14 June 2024
Cerebellum Growth Key to Bird Flight

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Cerebellum growth key to bird flight. Evolutionary biologists at Johns Hopkins Medicine report they have combined PET scans of modern pigeons along with studies of dinosaur fossils to help answer an enduring question in biology: How did the brains of birds evolve to enable them to fly?

Cerebellum Growth Essential for Bird Flight



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Published on: January 31, 2024 Description:
Scientists pinpoint growth of brain's cerebellum as key to evolution of bird flight
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For centuries, scientists have pondered the question of how birds evolved the ability to fly. Now, a team of evolutionary biologists at Johns Hopkins Medicine may have found the answer: the cerebellum.

Cerebellum Growth and Bird Flight: A Brain Region for Movement and Motor Control

The cerebellum is a brain region responsible for movement and motor control. It is located at the back of the brain, just below the cerebrum. The cerebellum helps us coordinate our movements, maintain our balance, and learn new motor skills.

Cerebellum Growth and Bird Flight: The Cerebellum and Bird Flight

Scientists have long suspected that the cerebellum plays a role in bird flight. After all, birds need to be able to coordinate their wings, tail, and body in order to fly. However, until now, there has been no direct evidence to support this hypothesis.

Cerebellum Growth and Bird Flight: PET Scans and Fossil Studies

To investigate the role of the cerebellum in bird flight, the Johns Hopkins researchers combined PET scans of modern pigeons with studies of dinosaur fossils. They compared the brain activity of pigeons before and after flight and examined the brain regions of birds during flight and braincases of ancient dinosaurs.

Cerebellum Growth and Bird Flight: Increased Cerebellum Activity During Flight

The researchers found that the cerebellum showed a statistically significant increase in activity levels between resting and flying in all eight birds. This suggests that the cerebellum is essential for bird flight.

Cerebellum Growth and Bird Flight: Increased Cerebellum Volume in Birdlike Dinosaurs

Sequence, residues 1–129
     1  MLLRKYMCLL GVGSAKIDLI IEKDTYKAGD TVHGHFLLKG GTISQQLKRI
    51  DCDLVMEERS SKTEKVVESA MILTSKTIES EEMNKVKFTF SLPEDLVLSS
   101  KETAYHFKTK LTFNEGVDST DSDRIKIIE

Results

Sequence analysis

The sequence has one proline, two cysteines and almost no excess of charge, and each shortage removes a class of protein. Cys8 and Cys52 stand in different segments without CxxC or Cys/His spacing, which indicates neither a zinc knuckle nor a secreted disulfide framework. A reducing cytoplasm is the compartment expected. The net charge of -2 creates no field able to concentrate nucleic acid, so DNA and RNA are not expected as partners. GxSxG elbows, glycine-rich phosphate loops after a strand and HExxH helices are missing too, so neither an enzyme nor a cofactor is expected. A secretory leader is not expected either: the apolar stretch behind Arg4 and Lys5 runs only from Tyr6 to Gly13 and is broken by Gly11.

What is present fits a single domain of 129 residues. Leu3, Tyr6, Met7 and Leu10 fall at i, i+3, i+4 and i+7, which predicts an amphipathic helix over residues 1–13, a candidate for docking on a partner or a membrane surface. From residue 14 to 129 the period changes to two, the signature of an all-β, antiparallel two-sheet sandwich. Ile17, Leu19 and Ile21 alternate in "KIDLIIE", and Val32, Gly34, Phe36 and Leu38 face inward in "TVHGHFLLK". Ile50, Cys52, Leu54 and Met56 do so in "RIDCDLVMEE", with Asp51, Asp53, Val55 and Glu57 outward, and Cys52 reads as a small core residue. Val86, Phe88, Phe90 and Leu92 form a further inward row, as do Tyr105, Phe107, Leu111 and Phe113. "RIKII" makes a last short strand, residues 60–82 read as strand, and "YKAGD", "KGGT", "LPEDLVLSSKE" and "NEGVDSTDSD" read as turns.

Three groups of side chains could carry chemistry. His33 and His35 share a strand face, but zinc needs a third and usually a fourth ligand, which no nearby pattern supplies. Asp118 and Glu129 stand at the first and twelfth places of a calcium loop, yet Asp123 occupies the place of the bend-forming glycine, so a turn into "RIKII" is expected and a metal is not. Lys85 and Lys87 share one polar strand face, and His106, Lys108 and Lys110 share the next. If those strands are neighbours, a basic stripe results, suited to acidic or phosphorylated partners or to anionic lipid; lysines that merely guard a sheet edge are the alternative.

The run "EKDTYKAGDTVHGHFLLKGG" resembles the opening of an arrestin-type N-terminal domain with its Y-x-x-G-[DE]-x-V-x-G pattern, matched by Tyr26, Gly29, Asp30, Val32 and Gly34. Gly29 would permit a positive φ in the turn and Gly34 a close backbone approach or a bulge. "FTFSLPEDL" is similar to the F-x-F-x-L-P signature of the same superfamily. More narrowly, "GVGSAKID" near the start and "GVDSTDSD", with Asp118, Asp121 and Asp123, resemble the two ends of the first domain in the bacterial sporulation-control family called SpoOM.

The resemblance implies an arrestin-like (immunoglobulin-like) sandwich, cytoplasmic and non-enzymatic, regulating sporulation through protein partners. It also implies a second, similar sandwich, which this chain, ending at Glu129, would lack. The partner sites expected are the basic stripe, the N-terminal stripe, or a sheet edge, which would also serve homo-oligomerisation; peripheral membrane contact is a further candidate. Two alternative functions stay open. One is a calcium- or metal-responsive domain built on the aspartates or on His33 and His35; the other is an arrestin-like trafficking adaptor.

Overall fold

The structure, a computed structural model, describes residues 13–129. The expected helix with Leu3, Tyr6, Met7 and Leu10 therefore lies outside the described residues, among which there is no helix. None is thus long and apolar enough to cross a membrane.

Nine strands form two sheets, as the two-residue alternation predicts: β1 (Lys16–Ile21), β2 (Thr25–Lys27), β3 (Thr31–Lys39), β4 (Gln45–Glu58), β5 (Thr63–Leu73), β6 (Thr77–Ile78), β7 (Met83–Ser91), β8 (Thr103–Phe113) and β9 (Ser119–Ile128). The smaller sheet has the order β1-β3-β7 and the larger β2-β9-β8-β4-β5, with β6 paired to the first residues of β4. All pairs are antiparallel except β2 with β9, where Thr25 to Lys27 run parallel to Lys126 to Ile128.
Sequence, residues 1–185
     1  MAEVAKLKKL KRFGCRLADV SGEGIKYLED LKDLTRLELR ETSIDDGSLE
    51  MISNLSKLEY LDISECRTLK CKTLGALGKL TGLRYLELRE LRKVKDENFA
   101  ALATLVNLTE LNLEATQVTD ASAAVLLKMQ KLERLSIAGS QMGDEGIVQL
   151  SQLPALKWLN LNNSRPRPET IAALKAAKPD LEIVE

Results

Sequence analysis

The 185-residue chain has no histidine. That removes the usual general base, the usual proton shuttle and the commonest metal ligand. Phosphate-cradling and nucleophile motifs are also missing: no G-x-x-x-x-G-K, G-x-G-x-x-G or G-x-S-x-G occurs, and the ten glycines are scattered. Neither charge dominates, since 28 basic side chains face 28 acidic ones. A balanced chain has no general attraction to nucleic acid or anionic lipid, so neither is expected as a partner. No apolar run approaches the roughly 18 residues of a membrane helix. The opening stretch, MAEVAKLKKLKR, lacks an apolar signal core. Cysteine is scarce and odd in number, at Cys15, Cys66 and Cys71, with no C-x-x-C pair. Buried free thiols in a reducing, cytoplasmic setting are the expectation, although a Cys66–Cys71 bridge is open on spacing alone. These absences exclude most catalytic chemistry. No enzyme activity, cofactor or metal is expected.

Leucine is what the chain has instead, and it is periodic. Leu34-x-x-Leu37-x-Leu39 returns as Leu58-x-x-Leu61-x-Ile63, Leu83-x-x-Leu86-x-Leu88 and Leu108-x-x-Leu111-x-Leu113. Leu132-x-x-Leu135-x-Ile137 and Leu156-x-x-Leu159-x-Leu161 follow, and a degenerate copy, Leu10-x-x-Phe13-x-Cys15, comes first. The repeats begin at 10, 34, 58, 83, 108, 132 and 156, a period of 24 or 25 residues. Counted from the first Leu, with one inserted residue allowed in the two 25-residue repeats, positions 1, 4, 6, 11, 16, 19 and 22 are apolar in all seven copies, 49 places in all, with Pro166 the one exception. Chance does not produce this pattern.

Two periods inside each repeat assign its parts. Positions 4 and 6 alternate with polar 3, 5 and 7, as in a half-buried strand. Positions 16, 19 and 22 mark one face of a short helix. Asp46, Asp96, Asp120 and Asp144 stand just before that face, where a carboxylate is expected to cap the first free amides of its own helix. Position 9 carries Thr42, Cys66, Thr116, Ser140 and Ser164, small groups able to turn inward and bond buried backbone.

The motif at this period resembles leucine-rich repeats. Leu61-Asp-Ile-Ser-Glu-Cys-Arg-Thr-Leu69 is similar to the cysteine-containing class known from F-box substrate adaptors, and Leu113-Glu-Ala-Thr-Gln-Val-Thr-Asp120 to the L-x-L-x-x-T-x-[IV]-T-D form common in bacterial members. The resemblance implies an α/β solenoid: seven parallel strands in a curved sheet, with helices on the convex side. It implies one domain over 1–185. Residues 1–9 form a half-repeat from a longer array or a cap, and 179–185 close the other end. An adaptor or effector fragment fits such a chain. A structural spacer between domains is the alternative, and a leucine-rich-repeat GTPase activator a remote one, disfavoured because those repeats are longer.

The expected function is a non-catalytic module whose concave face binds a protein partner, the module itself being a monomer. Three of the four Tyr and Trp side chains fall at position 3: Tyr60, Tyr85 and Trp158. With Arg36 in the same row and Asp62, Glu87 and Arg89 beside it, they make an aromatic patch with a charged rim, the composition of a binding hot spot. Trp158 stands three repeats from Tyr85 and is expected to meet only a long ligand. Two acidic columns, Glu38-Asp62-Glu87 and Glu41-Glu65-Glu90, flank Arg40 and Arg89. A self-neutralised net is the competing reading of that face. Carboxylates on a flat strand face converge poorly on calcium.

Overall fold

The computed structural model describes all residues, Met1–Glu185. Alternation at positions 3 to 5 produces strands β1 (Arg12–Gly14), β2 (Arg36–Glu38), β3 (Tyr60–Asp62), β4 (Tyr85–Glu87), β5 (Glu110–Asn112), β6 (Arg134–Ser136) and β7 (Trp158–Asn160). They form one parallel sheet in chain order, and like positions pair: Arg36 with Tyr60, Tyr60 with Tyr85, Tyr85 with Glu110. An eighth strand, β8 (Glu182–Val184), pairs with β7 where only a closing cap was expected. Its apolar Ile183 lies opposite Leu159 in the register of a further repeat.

The researchers also found that the cerebellum increased in volume in some of the earliest species of maniraptoran dinosaurs, which preceded the first appearances of powered flight among ancient bird relatives, including Archaeopteryx, a winged dinosaur. This suggests that the cerebellum began to develop the necessary conditions for powered flight early in the evolution of birds.

Conclusion

The findings of this study provide strong evidence that the cerebellum played a key role in the evolution of bird flight. The cerebellum’s increased size and activity in birds, along with its role in movement and motor control, suggest that it is essential for birds to be able to fly.

FAQ’s

1. What is the cerebellum?

The cerebellum is a brain region responsible for movement and motor control. It is located at the back of the brain, just below the cerebral cortex.

2. What role does the cerebellum play in bird flight?

The cerebellum helps birds control their feathers, tail, and body in order to fly. It also helps them maintain their balance and learn new motor skills.

3. How did the research team study the role of the cerebellum in bird flight?

The research team combined MRI scans of modern pigeons with studies of dinosaur fossils. They compared the brain activity of pigeons before and after flight and compared the brain regions of birds during flight and braincases of ancient dinosaurs.

4. What did the research team find?

The research team found that the cerebellum showed a significant increase in activity levels between perching and flying in all eight birds. They also found that the cerebellum increased in volume in some of the early species of maniraptoran dinosaurs, which included the first known bird species, Archaeopteryx.

5. What do the findings of this study suggest?

The findings of this study suggest that the cerebellum played a key role in the evolution of bird flight. The cerebellum’s increased size and activity in birds, along with its role in movement and motor control, suggest that it is essential for birds to be able to fly.

Links to additional Resources:

https://www.hopkinsmedicine.org/ https://www.nationalgeographic.com/ https://www.sciencemag.org/

Related Wikipedia Articles

Topics: Cerebellum, Bird flight, Archaeopteryx

Cerebellum
The cerebellum (pl.: cerebella or cerebellums; Latin for "little brain") is a major feature of the hindbrain of all vertebrates. Although usually smaller than the cerebrum, in some animals such as the mormyrid fishes it may be as large as it or even larger. In humans, the cerebellum plays an...
Read more: Cerebellum

Bird flight
Bird flight is the primary mode of locomotion used by most bird species in which birds take off and fly. Flight assists birds with feeding, breeding, avoiding predators, and migrating. Bird flight is one of the most complex. Each facet of this type of motion, including hovering, taking off, and...
Read more: Bird flight

Archaeopteryx
Archaeopteryx (; lit. 'old-wing'), sometimes referred to by its German name, "Urvogel" (lit. Primeval Bird), is a genus of avian dinosaurs. The name derives from the ancient Greek ἀρχαῖος (archaīos), meaning "ancient", and πτέρυξ (ptéryx), meaning "feather" or "wing". Between the late 19th century and the early 21st century, Archaeopteryx was...
Read more: Archaeopteryx

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